Thursday, December 27, 2012

Cleo Paglinawan's Itlog na Pula - Eggs and More Eggs

As a Christmas present to the hundreds of souls who love their Pink Film articles, I am posting one of the dozen-or-so completed, albeit unposted reviews of a Pink Film shown during the first quarter of 2012. This has been pre-scheduled for a November 28 posting but I got tired of them. The main thing here is, the blank page has managed unbelievable traffic and page views compared to the other flicks of its genre (except for one particular title). People LOVE garbage and this is proof of that. This is also one of the reasons why Blank Posts have been placed here; so I know which ones to post WHEN I feel like it, honey. Maybe another Pink Film review gets posted for the New Year. Maybe not. Enjoy your eggs! They are red, and perfect for the season. :)


In Cleo Paglinawan’sItlog na Pula”, there’s paucity of opportunity and commerce in a remote, impoverished town where Jerome (Jerome Pineda) tends to the ducks, processing red (salted) eggs from his fowls. To supplement his income, he has occasional rendezvous with the town’s limpwrists (Ike Sadiasa) enthusiastic enough to shell out P100 (ohmygawd) to manipulate Jerome’s “smoking gun”. Jerome has known destitution since he was abandoned by his mother as a child. “Dito na rin siguro ako mamatay,” muses Jerome. He lives his humdrum life with resignation until a fascinating couple from the city arrives, seemingly eluding a patchy situation from the mean streets of the big city.

Jerome offers his kubo to Charles and Barbara (Charles Delgado and Barbara Chavez) “kung mapagtiisan ninyo ito”. The couple’s only too pleased to find board and accommodations. After all, their savings amount to almost nil. Charles needs to find a job fast because the couple has conveniently freeloaded off Jerome’s hospitality, staying in his hut and eating his “itlog na pula”. But the host doesn’t seem to mind: he believes Charles will eventually pay him. Besides, Barbara has beguiled the young man who has never slept with a girl. Barbie’s occasional peekaboo bathing sessions become inspiring anatomical lessons for Jerome. Barbie, it turns out, is attracted to the strapping young lad. In fact, nights turn into feu de joies of temptation as Barbie stares at her half-naked landlord while he sleeps. But what's more interesting, Charles shares Barbie’s fascination with Jerome. And the couple soon takes turns surreptitiously canoodling Jerome’s “red eggs”. Isn't it about time they just make an omelet out of this funky triumvirate? It seems clear Jerome has adequate raw materials for such gastronomic serving, debah?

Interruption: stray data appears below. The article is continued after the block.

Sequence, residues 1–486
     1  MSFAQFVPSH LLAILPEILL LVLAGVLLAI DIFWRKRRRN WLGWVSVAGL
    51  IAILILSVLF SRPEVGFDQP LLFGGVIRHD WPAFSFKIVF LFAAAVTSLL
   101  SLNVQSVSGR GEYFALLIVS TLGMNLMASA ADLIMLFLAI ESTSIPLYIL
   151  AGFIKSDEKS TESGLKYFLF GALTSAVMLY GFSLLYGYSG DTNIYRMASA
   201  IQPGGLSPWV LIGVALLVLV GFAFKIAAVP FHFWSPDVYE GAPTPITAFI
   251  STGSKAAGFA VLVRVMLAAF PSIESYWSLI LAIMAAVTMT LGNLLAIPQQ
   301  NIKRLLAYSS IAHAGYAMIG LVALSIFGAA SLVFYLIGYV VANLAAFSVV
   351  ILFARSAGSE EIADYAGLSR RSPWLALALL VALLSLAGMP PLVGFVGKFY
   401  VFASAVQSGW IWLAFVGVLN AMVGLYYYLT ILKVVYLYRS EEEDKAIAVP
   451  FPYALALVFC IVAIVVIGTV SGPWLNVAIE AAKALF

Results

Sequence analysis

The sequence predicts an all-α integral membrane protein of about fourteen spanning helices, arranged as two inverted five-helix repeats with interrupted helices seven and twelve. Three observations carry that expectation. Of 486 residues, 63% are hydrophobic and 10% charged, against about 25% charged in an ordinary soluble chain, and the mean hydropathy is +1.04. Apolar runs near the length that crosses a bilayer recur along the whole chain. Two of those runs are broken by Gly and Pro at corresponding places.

Jerome Pineda

Charles Delgado

Like her other ouvres, director Cleo Paglinawan’s tale is a story that has been told many times over by Paglinawan herself. Unfortunately, she isn’t equipped with enough neuron to conjure innovation for her narrative twists. It doesn’t help that her scriptwriters are as artistically impotent. If you “cut and paste” a scene from any of Paglinawan’s movies this year and insinuate them in one of her film, the scene wouldn’t seem misplaced. Her scenography has been monotonously similar. You can easily interchange stories and scenes in her films. Try “Mga Lalake Sa Balsa”: desperate men in a poor town; able bodied guys surrendering their body to cringe-worthy parlorista; seemingly straight men turning gay without prior hint; then a sudden violent twist to cap the story.  

Paglinawan is eternally disoriented. Her individual scenes are incongruent. Making movies with her constitutes nothing more than owning a movie camera. Forget new stories and original scripts. These elements never figure in Paglinawan’s artistic endeavor.